The mission of the Center is to transform the health of people with, or at risk for type 1, type 2, or gestational diabetes or related conditions in North Carolina and beyond its borders by advancing translational sciences that result in primary and secondary prevention of diabetes and its complications.
The vision of the Center is to be nationally recognized for supporting diabetes translational researchers that hastens the adoption of evidence-based scientific advances in underserved communities and under-represented populations that reduce diabetes-related health disparities.
The Center for Diabetes Translation Research to Reduce Health Disparities will serve as a hub for helping researchers, to identify, refine, and implement best practices for translating efficacy trials into practice both in North Carolina and nationally. Our Center will build on and complement existing resources at UNC that are needed to effectively support translational research.
With this CDTR, the University of North Carolina at Chapel Hill (UNC-CH) and its partners will transform the health care of our citizens and our most vulnerable communities at risk for diabetes and its complications by a continuous cycle of knowledge and dissemination or implementation leading to new knowledge and more type II translation. In doing so, UNC-CH and its partners will be transformed by connections with community needs and concerns across our State, and translating those needs into hypotheses that bridge the gap between science and community practice resulting in continuous improving health care and decreasing diabetes-related health disparities.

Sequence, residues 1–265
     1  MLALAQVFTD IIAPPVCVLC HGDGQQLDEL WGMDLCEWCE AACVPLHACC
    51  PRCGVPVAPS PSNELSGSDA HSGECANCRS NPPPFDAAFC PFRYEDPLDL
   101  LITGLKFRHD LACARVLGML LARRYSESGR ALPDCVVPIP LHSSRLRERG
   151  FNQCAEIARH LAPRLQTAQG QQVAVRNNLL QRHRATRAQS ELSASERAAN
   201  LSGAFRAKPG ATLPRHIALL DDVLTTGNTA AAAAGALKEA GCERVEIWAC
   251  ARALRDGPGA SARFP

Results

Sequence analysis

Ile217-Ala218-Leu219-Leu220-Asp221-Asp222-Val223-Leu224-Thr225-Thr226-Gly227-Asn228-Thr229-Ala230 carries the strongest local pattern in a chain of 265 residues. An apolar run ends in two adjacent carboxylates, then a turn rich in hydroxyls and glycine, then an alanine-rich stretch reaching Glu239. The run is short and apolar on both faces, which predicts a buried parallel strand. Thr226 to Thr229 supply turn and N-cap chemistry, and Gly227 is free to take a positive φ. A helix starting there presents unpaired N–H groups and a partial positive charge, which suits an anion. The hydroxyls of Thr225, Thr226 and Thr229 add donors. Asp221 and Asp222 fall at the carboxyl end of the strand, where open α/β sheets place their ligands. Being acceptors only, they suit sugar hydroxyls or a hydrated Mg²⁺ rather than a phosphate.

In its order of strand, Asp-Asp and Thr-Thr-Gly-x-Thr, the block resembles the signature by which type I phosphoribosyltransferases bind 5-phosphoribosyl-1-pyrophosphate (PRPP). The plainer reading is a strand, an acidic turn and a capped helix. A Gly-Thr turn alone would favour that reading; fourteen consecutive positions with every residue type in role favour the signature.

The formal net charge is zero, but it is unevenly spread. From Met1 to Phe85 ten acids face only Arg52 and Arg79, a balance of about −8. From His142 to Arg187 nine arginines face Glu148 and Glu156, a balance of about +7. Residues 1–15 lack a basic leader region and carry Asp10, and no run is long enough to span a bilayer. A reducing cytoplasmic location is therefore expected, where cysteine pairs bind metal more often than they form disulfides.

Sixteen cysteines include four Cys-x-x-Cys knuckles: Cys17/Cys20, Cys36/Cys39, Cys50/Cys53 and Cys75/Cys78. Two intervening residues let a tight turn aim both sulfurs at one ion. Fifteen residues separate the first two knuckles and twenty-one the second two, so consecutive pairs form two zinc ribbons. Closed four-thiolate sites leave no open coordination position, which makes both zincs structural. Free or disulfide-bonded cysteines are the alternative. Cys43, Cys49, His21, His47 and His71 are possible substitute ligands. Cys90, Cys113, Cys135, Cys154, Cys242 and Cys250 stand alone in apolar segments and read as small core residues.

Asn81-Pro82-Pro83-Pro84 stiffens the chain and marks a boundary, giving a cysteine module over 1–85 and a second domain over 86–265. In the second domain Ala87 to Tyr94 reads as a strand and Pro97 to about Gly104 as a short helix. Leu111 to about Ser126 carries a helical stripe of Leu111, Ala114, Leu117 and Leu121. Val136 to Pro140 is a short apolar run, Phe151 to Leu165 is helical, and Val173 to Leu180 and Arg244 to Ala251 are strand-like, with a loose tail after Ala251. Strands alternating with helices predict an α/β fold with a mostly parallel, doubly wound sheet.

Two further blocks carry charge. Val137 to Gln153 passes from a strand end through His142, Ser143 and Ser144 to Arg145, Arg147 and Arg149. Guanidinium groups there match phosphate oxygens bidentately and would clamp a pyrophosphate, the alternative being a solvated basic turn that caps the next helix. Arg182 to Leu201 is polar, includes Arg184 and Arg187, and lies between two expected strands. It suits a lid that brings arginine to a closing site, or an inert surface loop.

The thematic areas of the Center bring together critically important and unique resources that will support diabetes and obesity translational research to change the health of vulnerable populations in North Carolina in which diabetes risk and diabetes co-morbidities are more prevalent. The central themes of the UNC Center are represented by three distinct cores that are unique to the consortium, 1) the Literacy and Numeracy core representing a national resource, 2) the Community Connections Core, and 3) the Access with Technology Core. These three cores are integrated to provide key elements of diabetes translational research support that foster research, which aims to address significant gaps in translating scientific advances in community and clinical practice in vulnerable populations.